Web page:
Authenticating the identity of hundreds of millions of children

Pokémon Go was developed by Google spin-off Niantic. The two companies share responsibility when it comes to how the game operates. “They control what runs on the application, and then they control a certain percentage of the backend, and we control a bit of the backend for Child Online Privacy Protection Act (COPPA) compliance,” says Visneski.

However, that’s is just one part of the data puzzle. As well as Pokémon Go, the company has user data from its other applications, its in-person tournaments for the physical trading card game, some of the video games, and more.

To simplify things, the company developed a new central authentication platform, called the Pokémon Trainers Club. It acts as the log-in system for Go, the Poké website, the online trading card game, the video games through the Pokémon Global Link, and the physical events and tournaments. “There are hundreds of millions of users within the Pokémon Trainer’s Club. A percentage of Pokémon Go users use our platform to authenticate [Facebook and Google are also options], but that is only a small percentage of the overall user base of what we have in our systems,” says Visneski.

To cope with scale, the Pokémon Company is largely cloud-based through Amazon Web Services (AWS), and so the company’s security stack includes many cloud-based players such as Sumo Logic for security analytics and security operations center (SOC) development, Crowdstrike for data visibility, and Vera for file security. The company even uses AWS Lambda serverless functions to automate blacklisting and whitelisting to help protect against bots and cheaters.

“As a security team we’ve been able to leverage these relationships and really think through strategically how we going to continue to grow along with our business, as opposed to waking up one morning and realizing our infrastructure is 50 percent larger than it was the night before and now we have to figure out how to build thicker walls,” says Visneski. “Those sort of partnerships – beyond the capabilities that the cloud gives you – those sorts of partnerships are a force multiplier.”

Using GDPR to build customer trust

Though many of its earliest fans are now well into adulthood, the large number of children engaging with the company’s products means regulatory compliance is a big part of remit. The company has long had to comply with COPPA in the US, which governs the online collection of personal information for those under 13 and includes requirements around verifiable consent from a parent or guardian.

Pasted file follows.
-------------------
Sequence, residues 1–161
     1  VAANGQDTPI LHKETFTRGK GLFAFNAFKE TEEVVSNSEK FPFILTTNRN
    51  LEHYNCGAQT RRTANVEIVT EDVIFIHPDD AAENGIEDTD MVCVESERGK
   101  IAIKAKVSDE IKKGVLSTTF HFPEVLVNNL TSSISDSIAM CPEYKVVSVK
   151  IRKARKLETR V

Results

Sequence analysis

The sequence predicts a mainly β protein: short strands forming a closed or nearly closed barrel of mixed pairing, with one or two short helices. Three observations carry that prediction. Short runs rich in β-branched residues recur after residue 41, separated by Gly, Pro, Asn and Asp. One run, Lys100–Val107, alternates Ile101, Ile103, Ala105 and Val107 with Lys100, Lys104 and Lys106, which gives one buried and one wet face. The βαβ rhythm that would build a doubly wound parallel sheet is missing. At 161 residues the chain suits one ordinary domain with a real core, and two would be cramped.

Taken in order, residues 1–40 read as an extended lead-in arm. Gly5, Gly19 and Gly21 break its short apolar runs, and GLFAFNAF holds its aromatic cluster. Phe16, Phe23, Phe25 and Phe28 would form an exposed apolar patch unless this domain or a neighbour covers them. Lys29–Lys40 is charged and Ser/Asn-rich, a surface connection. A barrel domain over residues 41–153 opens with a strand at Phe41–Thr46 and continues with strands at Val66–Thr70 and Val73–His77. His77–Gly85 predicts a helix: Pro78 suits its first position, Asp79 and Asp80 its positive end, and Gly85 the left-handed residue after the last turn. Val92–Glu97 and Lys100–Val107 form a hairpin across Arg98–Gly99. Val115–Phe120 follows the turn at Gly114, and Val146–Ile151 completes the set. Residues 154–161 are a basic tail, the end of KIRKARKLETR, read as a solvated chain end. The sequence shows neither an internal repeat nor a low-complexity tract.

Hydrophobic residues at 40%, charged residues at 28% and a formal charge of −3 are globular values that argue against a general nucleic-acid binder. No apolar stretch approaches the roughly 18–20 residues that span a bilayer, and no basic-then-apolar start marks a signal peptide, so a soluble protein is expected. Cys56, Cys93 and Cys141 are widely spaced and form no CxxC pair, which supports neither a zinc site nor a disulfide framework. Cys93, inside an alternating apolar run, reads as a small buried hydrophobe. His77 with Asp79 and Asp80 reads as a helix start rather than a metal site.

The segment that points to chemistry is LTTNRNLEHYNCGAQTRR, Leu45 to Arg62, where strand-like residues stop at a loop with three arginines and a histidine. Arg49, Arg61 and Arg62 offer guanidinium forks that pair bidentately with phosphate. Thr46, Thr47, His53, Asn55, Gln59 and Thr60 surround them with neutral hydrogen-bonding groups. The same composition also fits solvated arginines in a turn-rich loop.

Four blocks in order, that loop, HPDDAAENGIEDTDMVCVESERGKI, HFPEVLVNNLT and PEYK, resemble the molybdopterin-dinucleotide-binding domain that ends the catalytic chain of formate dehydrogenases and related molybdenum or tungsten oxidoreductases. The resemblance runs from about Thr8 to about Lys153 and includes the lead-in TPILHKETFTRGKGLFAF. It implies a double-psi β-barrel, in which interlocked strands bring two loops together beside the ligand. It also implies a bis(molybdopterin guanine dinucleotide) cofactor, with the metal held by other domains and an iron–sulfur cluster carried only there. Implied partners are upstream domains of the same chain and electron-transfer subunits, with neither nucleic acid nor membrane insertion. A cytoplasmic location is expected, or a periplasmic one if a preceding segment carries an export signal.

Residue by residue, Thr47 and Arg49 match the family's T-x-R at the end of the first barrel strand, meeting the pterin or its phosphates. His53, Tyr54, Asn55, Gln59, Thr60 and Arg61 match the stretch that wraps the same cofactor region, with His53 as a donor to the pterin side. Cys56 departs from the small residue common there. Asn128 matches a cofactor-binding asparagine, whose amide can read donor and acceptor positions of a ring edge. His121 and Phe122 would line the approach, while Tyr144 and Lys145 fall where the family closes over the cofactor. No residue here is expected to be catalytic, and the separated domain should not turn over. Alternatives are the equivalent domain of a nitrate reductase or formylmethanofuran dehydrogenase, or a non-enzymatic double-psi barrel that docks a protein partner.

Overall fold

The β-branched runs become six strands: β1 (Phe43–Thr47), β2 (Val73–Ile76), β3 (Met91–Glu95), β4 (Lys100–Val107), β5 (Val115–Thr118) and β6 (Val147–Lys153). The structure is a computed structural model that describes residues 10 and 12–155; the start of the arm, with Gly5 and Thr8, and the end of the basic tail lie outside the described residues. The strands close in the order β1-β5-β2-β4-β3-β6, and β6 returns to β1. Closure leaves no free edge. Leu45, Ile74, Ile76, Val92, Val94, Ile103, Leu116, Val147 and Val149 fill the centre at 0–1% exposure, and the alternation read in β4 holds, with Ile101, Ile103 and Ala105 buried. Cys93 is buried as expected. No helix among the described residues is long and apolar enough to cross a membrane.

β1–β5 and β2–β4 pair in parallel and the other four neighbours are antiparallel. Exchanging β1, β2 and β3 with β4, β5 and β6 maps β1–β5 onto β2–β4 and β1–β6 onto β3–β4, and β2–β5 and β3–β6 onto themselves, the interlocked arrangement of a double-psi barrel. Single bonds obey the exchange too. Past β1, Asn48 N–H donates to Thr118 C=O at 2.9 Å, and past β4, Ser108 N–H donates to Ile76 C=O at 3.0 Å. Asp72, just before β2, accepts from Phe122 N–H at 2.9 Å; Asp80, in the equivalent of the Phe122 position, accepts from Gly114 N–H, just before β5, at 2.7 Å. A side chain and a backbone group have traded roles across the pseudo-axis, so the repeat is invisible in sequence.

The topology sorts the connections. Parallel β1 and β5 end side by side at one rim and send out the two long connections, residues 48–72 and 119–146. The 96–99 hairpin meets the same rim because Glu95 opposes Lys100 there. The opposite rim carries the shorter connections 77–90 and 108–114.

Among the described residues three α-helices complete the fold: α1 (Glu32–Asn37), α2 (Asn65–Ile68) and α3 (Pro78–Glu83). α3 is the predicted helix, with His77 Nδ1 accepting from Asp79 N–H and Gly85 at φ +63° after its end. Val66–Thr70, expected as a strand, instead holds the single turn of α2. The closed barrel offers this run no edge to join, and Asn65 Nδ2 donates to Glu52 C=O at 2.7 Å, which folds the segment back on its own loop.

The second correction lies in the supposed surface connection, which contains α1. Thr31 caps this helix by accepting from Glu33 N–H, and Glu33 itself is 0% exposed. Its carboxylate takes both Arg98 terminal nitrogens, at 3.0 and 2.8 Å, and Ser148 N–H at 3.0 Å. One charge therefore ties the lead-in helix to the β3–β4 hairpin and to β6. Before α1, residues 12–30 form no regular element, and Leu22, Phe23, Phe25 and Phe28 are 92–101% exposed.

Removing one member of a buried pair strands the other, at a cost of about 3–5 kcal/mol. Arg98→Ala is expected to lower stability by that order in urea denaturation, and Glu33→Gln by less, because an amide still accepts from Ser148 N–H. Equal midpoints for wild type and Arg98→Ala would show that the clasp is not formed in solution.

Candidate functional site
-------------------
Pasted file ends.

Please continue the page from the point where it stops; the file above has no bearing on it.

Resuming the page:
Its experience with COPPA, however, put it in good stead for the arrival of GDPR. “As a company, one of our core values is child safety,” says Visneski, “and because the company has this really strong foundation in child online privacy protection that our legal team took very seriously, we already had a pretty good start from an advocacy standpoint of ‘GDPR is something that we need to  pay attention to, it’s something we need to take seriously’.”

As the company’s DPO, he was keen to use GDPR as the new high bar across the entire database, not just for customers in the EU. “I don’t want it to just be a child safety; I want it to be customer safety. All of our customers deserve the right to their data and a privacy program that makes them feel safe and valuable, because what we’re really selling is trust.”

“What we’re really doing is giving parents this reassurance that in comparison to our competitors we take security and privacy so seriously that they can they can feel safe that their children have a safe space to enjoy our brand. When you start talking in those terms, that’s business enablement. That’s turning privacy and security into something that we sell.”

Security as a business enabler

As well as using GDPR as a business booster externally, Visneski also takes a similar approach internally. “The goal isn’t for me to say yes we can collect something or no we can’t collect that. You have to raise the security culture of your entire organization. Eventually, people become privacy and security experts and they won’t even realize it.

“The goal should be that everyone becomes a well-educated privacy expert and business organization to make that decision on their own and make it accurately and make it with that privacy mindset at heart. I’m only going to have a small team. I can’t be everywhere at once. I need security and privacy champions across the entire company.”